Griner Hotels, Inc., emphasized four important good business principles: hospitality, comfort, service and courtesy. In 1928, Drew W. King, from Tennessee, assumed the lease and management of the daily operation of the hotel, but harsh economic times were on the horizon. King convinced the Pelican Holding Co. that a dock and other additions were necessary. A long pier five feet above the water at low tide and three and a half feet above at high tide was constructed to encourage the yachtsmen to dock and stay at the hotel. Renovations and redecorating of the interior preceded the ‘second’ grand opening on Nov. 1, 1929, as the Pelican Hotel.
King partnered with Joseph J. Ranney, in June 1933, to purchase the hotel from the Pelican Holding Co. He stated when the deal was completed: “We have held our own through five bad hotel years, but guests have constantly returned and from present indications we look forward confidently to one of the best seasons in next year’s winter.” Unfortunately, only a month later, in July 1933, a devastating tropical storm with destructive driving rains caused considerable damage at the hotel. Many floors, walls and rugs needed repairs or replacement, but all was restored and ready by Jan. 9, 1934 for the dedication of the new Roosevelt Bridge.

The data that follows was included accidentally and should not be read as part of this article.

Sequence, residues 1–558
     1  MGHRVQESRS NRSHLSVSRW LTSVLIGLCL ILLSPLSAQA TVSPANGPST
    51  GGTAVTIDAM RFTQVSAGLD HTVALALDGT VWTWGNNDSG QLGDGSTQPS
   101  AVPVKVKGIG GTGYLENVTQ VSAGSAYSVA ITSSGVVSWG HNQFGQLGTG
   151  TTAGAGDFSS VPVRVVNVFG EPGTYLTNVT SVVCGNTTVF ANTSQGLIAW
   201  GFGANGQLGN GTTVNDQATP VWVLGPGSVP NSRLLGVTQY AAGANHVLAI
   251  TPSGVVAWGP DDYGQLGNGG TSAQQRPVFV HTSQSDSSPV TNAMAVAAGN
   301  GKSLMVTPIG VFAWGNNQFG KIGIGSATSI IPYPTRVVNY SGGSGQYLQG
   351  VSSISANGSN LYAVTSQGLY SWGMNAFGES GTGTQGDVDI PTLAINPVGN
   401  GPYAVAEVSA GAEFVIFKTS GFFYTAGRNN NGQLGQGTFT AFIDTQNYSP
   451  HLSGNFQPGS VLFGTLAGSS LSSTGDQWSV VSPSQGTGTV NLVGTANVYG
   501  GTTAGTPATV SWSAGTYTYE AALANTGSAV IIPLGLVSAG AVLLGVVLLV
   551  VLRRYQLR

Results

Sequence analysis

The celebration featured a parade, boat regatta and other fun and exciting activities. Florida Governor Dave Sholtz was present and attended a large luncheon held at the Pelican.
The hotel was Stuart’s showplace for parties, wedding receptions, dances, as well as a popular residence for winter visitors. Expansion and improvements were made and by 1939, Drew King had sole ownership of the hotel, buying out partner, Ranney. Tragically, however, King died Dec. 23, 1944. William V. and Grover C. King, Drew’s sons, took over ownership and management of the Pelican Hotel.
The hurricane of 1949 brought more devastation to the county, but only minor damage to the Pelican, where rooms were quickly filled by workers arriving to help with repairs on homes and structures not so fortunate. Throughout the 1950s and 60s, William King encouraged sports fishermen as clientele and was host to the nation’s leading writers for fishing and boating enthusiasts.